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Q4 earnings roundup: Big five insurers' ACA exchange woes deepen

But other business lines provide bright spots for major payers

If the "big five" U.S. health insurers' fourth-quarter earnings reports made one fact clear, it's that the profitability of their Affordable Care Act exchange products continues to be an issue.

The major insurers' third-quarter earnings reports had detailed individual market woes, but their Q4 and full-year 2015 results spoke of deepening losses, even as other business lines did well.

Here's some of the highlights:

UnitedHealth, which made headlines late last year when it adjusted its 2015 earnings outlook to account for worsening individual market losses, reported in January that it lost $720 million on its ACA-compliant plans in 2015, and $245 million in Q4 alone. President and Chief Financial Officer David Wichmann said in an earnings call that the insurer will decide mid-year whether it will participate in the ACA marketplace in 2017, and said it has taken other steps to reduce its exposure, such as dropping platinum plans and ending commissions for the sale of exchange plans. Its subsidiary, Optum, however, continues to thrive, as its revenue grew 42 percent in 2015. Overall, the company's 2015 revenues of $157.1 billion grew 20 percent year-over-year.

Anthem's net income fell 64 percent between Q3 and Q4, from $506.7 million to $180.9 million. CEO Joseph Swedish cited lower-than-expected earnings on the insurer's individual market plans as the primary reason for that shortfall, saying those losses were driven by unsustainable pricing in some markets. He said he was pleased, however, with the federal government's moves to address some insurer concerns with ACA marketplace regulations, adding, "you can be assured we are contributing to the dialog to form a long-term, sustainable and affordable marketplace." Anthem's government business, though, experienced an increased operating gain of $62.9 million--or 17.7 percent--in the fourth quarter compared to 2014.

Aetna's net income rose 38 percent in the fourth quarter of 2015 compared to in 2014, coming out at $320.9 million, or $0.91 per share. Its net income for all of 2015 was $2.4 billion, up from $2 billion in 2014--primarily due to the favorable performance of its Medicare and Medicaid business lines. Yet its individual market business "remained unprofitable in 2015," CEO Mark Bertolini said an a call with investors, adding that "we have serious concerns about the sustainability of the public exchanges."  He cited issues with special enrollment periods (SEP), the predictability and transparency of the risk-adjustment program and newly proposed federal regulations on network adequacy and the standardization of benefits.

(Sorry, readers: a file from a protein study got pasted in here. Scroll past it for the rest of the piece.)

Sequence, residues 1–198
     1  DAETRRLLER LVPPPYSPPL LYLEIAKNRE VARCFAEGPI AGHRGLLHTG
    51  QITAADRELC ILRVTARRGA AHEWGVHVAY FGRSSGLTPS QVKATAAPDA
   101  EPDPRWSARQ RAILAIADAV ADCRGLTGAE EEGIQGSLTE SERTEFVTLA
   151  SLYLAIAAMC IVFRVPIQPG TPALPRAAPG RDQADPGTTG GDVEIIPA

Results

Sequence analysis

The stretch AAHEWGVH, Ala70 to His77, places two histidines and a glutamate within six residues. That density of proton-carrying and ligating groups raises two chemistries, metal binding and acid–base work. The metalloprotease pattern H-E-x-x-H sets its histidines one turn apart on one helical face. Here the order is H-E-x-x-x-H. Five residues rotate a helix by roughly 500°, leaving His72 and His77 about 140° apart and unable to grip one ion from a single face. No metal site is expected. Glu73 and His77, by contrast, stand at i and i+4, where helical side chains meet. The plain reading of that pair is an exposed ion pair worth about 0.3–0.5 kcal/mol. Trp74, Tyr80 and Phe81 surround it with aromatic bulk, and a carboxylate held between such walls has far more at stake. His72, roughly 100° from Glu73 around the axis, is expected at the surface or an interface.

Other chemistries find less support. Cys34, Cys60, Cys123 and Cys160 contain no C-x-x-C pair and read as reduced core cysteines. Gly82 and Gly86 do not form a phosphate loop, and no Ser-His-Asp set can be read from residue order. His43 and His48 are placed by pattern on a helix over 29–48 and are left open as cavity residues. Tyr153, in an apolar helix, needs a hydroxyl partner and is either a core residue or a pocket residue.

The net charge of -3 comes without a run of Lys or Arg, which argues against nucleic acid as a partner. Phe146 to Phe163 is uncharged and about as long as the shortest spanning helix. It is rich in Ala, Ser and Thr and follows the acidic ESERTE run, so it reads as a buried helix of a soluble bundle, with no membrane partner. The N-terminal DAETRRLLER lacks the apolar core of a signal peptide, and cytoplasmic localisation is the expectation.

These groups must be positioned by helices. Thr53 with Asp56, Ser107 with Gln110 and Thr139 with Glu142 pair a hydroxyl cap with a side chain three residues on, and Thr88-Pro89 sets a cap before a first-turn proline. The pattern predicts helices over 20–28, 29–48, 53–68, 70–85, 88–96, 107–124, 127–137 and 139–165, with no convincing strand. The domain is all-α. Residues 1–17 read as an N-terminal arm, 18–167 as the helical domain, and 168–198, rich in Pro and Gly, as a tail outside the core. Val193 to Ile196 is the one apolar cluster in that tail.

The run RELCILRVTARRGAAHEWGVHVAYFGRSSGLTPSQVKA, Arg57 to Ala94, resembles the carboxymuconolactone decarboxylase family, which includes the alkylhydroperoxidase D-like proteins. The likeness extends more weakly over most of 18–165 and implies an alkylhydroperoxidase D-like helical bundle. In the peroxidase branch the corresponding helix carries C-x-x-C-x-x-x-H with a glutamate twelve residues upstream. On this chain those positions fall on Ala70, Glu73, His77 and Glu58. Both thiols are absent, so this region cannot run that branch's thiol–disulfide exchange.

Humana reported that its net income dipped to $101 million, or $0.67 per share in the fourth quarter, down from $145 million, or $0.94 per share, from the same quarter in 2014. But its full-year earnings rose 11.2 percent from 2014 to 2015. The insurer said the benefit ratios associated with its individual commercial policies "significantly exceeded its pricing expectations," primarily due to SEP exemptions and "government‐mandated product designs that attract higher‐utilizing members." As a result, Humana recorded a premium deficiency reserve totaling $176 million for the fourth quarter to cover its anticipated losses and said it will continue to evaluate its participation in the individual commercial business for 2017.

Cigna's net income for the fourth quarter of 2015 was $426 million, or $1.64 per share, compared with $467 million, or $1.77 per share, for the fourth quarter of 2014, in part due to transaction costs related to its pending merger with Anthem. However, its Q4 adjusted income from operations rose to $486 million, or $1.87 per share, up from $475 million, $1.80 per share, at the same time in 2014. In its earnings report, the insurer noted "strong contributions from our commercial employer and specialty businesses, as well as unfavorable medical costs in our individual and government businesses." Cigna also is dealing with sanctions from the Centers for Medicare & Medicaid Services that prevent it from selling or marketing new Medicare products.

To learn more:
- check out UnitedHealth's earnings report
- read Aetna's earnings report
- here's Anthem's earnings report
- here's Humana's earnings report
- read Cigna's earnings report

Related Articles:
Q3: Big five insurers post positive results, but struggle on exchanges
UnitedHealth loses $720M on exchange plans in 2015
Individual market struggles drag down Anthem's Q4 earnings
Aetna reports rise in fourth-quarter profits
Humana records premium reserve of $176M due to ACA losses
Cigna's income from operations rises in Q4